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THE AUTONOMIC BREATHING TEST (ABT)
Results of a Standardized Test in 232 Patients

Majid Ali, M.D.

There is a need for a test to optimally manage chronic stress-related disorders with the following characteristics: (1) it should be simple and convenient for the staff to perform; (2) the results obtained should be objective and quantitative; (3) it should provide clear metrics for measuring the effects of self-regulatory measures; and (4) it should be easily teachable to patients as a self-administered test for follow-up use at home. In 2007, I designed a test to meet these criteria and designated it as the "Autonomic Breathing Test (ABT)." Here I present the results obtained with the test performed for 232 patients. I organize this column in seven sections: (1) the development of the ABT; (2) training of the staff and patients in ABT in practitioners' offices; (3) the test results observed in 232 chronically ill patients; (4) discussion of the results; (5) the value of the ATB in acute illness; (6) improved mitochondrial function with Limbic Breathing; and (7) the clinical application of the test in cardiovascular disorders. Below, are introductory comments to provide a framework of reference.

Altering the Health Script of Life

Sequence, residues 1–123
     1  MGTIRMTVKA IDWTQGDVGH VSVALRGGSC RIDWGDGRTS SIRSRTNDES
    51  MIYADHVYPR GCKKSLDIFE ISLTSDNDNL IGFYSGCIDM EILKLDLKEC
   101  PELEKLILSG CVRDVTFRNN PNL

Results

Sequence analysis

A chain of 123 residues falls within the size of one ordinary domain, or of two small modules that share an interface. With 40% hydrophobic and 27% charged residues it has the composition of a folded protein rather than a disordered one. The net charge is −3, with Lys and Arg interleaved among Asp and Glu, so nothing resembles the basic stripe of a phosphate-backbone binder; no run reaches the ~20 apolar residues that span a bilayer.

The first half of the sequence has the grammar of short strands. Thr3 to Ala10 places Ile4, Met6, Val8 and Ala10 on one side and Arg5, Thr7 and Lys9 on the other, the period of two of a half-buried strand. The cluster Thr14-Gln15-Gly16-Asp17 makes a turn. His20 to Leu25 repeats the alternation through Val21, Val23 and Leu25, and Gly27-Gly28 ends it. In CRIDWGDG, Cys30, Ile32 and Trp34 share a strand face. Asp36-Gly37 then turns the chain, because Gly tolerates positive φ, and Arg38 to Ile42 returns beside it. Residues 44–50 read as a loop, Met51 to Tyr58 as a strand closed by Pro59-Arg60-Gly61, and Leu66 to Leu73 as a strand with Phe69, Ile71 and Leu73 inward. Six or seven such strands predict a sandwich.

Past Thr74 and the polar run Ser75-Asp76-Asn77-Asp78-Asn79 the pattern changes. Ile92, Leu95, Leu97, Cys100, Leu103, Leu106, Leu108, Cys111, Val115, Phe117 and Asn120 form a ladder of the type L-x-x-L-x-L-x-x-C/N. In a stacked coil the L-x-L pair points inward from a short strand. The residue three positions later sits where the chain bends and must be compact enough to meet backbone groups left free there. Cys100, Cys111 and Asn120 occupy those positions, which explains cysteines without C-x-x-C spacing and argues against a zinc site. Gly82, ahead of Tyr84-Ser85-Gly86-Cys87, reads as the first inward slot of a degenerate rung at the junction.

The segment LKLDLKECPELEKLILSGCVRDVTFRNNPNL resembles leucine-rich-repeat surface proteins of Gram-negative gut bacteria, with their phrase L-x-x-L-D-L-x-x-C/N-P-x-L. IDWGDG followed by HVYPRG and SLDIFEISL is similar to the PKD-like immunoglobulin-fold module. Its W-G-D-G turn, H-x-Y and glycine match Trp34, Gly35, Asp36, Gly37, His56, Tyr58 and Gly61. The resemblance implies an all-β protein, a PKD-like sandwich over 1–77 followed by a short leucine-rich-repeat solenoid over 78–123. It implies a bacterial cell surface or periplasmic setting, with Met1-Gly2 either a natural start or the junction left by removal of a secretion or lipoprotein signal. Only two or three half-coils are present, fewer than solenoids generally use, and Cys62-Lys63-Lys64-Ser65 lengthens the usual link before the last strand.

One can radically alter one's medical history by simply altering breathing. In The Cortical Monkey and Healing (1991), I described the development of the principles and practice of Limbic Breathing and its physiologic benefits observed during the preceding five years.1 Specifically, I presented the results of experiments performed to objectify and quantify changes observed with Limbic Breathing in: (1) the blood levels of oxygen and carbon dioxide; (2) blood pH; (3) blood lactic acid; (4) white blood counts; and (5) electrophysiological parameters, such as electromyopotentials, electrodermal conductance, pulse pressure, and others. In What Do Lions Know About Stress (1996) 2 and Healing Miracles and the Bite of the Gray Dog (1997),3 I furnished additional clinical and laboratory data to establish the clinical value of Limbic Breathing and related self-regulatory methods. In Integrative Cardiology (2000),4 I presented a large body of data concerning autonomic responses to Limbic Breathing as measured by power spectral analysis of heart rate variability. In my column of July 2007,5 I summarized many earlier observations and illustrated simple steps for beginner, intermediate, and advanced methods of Limbic Breathing.